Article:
On average, more than 30% of nearly 7000 platforms in operation around the world have been in operation for more than 20 years. In the North Sea, more than 50% of assets fall into this category. With so many operating beyond their original design life, and yet more discoveries being made, operators are under pressure to extend the life of their offshore assets without compromising asset integrity, reliability, productivity, and more importantly, safety. KP4 is designed to stimulate a common industry approach to managing ageing installations that will ensure safe offshore operations for the long term.
The UK-HSE states that KP4 is not simply about how old an asset is, but about how it is ageing and what is known about that process.
Figure 1 shows a simple “bath tub” curve, which illustrates that, as aging mechanisms—corrosion, erosion, accumulated damage—take effect, there is an inevitable increase in the likely hood of failures occurring.
KP4 has focused operators to take responsibility for managing the risks associated with asset integrity and life extension projects through the use of SIM systems. Operators are also keen to increase the value of their assets, and a robust SIM system is seen as a part of achieving this. If this approach to structural integrity management was adopted globally, there is an opportunity to transfer SIM best practice from the North Sea to operating assets around the world.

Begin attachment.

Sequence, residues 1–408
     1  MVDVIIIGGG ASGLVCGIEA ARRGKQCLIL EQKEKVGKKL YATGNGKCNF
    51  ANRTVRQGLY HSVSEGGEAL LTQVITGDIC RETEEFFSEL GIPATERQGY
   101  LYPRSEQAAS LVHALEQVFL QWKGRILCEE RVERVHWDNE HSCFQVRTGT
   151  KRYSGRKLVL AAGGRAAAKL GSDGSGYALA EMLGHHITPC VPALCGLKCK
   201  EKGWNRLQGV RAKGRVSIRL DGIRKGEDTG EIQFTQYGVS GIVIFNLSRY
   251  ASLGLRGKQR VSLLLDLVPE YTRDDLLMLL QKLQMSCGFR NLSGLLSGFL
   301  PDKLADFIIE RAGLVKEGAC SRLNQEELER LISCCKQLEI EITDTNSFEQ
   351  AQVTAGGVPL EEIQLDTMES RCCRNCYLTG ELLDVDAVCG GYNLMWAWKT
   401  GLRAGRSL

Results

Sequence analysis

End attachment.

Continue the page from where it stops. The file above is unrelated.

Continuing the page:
As assets age, trends show decreasing revenues and increased operational costs. Life extension projects and the implementation of an appropriate SIM system can counter these trends and increase the value and viability of an asset, Fig.2.
For example, asset value may be increased by enhanced oil recovery or tie-back projects, both of which would rely heavily on structural analysis to demonstrate additional capacity from the existing structure. Likewise, elements of operational expenditure could be optimized; such as subsea inspections targeted on critical components, if the behavior of the structure and its risk profile is understood.
Demonstrating the structural integrity of aging assets is of paramount importance when considering life extension. In Norway, an application for life extension is a formal requirement, and in the UK, a safety case must be reviewed when installation design life has been exceeded.
The effects of the Deepwater Horizon tragedy in the Gulf of Mexico led to an announcement by the Bureau of Ocean Energy Management, Regulation and Enforcement that all operations and drilling facilities on the outer continental shelf would be required to develop and maintain a safety and environmental management system (SEMS). The SEMS final rule is designed to improve workplace safety offshore.